Creating a fairer Britain
Sixty years ago Eleanor Roosevelt spoke about the importance of making the Universal Declaration of Human Rights 'a living document, something that is not just words on paper, but something which we really strive to bring to the lives of all people'.
In today's Britain, this is the responsibility of the Equality and Human Rights Commission: to give substance to human rights.
Our aim is that everyone, no matter who they are, should be treated with decency, dignity and respect. With a range of powers entrusted to us by parliament, we can examine government's actions, educate public service providers, encourage private firms and empower individuals.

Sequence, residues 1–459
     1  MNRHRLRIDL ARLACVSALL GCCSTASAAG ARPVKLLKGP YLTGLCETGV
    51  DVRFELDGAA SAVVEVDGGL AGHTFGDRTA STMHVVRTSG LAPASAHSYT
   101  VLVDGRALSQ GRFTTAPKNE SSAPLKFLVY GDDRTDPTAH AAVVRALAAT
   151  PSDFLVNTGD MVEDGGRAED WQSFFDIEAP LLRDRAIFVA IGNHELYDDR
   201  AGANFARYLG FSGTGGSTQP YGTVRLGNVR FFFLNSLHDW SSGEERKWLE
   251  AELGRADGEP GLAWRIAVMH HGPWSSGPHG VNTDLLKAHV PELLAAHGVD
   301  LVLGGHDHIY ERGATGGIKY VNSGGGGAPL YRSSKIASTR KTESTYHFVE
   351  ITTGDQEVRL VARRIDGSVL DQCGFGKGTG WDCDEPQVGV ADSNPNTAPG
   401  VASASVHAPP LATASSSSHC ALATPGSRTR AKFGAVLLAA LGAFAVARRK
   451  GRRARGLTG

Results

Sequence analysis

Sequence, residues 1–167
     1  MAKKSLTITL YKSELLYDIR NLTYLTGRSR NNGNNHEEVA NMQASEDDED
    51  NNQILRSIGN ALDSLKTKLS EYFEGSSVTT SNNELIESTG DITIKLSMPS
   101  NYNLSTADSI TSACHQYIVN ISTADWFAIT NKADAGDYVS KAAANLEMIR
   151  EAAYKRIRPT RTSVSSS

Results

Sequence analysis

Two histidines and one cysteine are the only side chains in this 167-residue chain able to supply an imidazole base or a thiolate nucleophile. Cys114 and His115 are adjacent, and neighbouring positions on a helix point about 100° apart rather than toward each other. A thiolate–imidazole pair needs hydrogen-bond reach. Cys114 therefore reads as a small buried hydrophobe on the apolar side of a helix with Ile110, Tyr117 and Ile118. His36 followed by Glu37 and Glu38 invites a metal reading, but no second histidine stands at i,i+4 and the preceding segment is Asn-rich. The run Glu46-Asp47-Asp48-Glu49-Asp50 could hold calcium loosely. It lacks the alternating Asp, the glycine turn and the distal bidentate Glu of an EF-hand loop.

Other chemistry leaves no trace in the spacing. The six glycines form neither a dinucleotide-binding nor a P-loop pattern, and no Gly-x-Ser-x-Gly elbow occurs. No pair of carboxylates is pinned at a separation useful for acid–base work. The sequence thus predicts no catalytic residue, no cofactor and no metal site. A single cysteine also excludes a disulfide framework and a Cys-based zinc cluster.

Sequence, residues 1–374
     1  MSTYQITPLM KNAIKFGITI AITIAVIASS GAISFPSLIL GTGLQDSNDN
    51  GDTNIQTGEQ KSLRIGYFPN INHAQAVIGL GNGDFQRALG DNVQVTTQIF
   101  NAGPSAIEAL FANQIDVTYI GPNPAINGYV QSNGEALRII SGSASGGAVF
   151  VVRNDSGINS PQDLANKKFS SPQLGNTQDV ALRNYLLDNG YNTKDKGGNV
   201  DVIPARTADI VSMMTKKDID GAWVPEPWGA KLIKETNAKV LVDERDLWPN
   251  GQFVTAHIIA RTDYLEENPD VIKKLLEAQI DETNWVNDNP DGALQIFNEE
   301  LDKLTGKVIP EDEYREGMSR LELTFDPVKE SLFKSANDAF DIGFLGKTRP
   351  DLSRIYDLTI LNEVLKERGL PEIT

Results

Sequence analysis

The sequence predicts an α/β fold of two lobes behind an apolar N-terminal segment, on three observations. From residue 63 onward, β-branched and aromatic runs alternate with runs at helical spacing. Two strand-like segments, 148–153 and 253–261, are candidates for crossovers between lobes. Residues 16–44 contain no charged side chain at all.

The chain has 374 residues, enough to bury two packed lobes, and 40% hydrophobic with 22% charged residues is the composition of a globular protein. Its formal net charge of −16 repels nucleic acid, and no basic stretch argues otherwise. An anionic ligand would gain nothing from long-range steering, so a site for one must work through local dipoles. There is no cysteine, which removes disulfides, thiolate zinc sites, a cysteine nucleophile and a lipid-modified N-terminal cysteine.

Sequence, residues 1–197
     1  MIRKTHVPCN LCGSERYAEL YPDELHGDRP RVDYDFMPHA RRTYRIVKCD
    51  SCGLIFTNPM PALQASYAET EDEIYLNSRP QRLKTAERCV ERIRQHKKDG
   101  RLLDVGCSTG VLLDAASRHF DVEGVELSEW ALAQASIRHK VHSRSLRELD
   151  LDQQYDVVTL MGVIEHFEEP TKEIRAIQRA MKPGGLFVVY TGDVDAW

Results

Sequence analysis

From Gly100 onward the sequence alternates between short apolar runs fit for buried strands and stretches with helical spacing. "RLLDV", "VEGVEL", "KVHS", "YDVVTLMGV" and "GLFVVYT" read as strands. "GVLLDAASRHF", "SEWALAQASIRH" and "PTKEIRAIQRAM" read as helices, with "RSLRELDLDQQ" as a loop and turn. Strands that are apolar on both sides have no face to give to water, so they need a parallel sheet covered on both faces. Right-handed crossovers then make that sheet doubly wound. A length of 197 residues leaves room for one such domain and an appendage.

This document sets out the way in which the Commission has used those powers since we were granted 'A' status as a United Nations accredited National Human Rights Institution in January 2009. It contains many successes, and should encourage everyone who believes in the importance of human rights. But we know that this is just the beginning of our mission.
As we live through unprecedented economic circumstances, as the advance of technology poses new questions about privacy and freedom, and as evolving public policy redefines the relationship between individual and state, it remains vital to protect and promote the core values of human rights. That is precisely what the Commission is committed to doing. Few tasks could be more important or more worthwhile, and we approach it with the utmost resolve.
Equality and Human Rights Commission
Download the full report: Fulfilling the Paris Principles (PDF)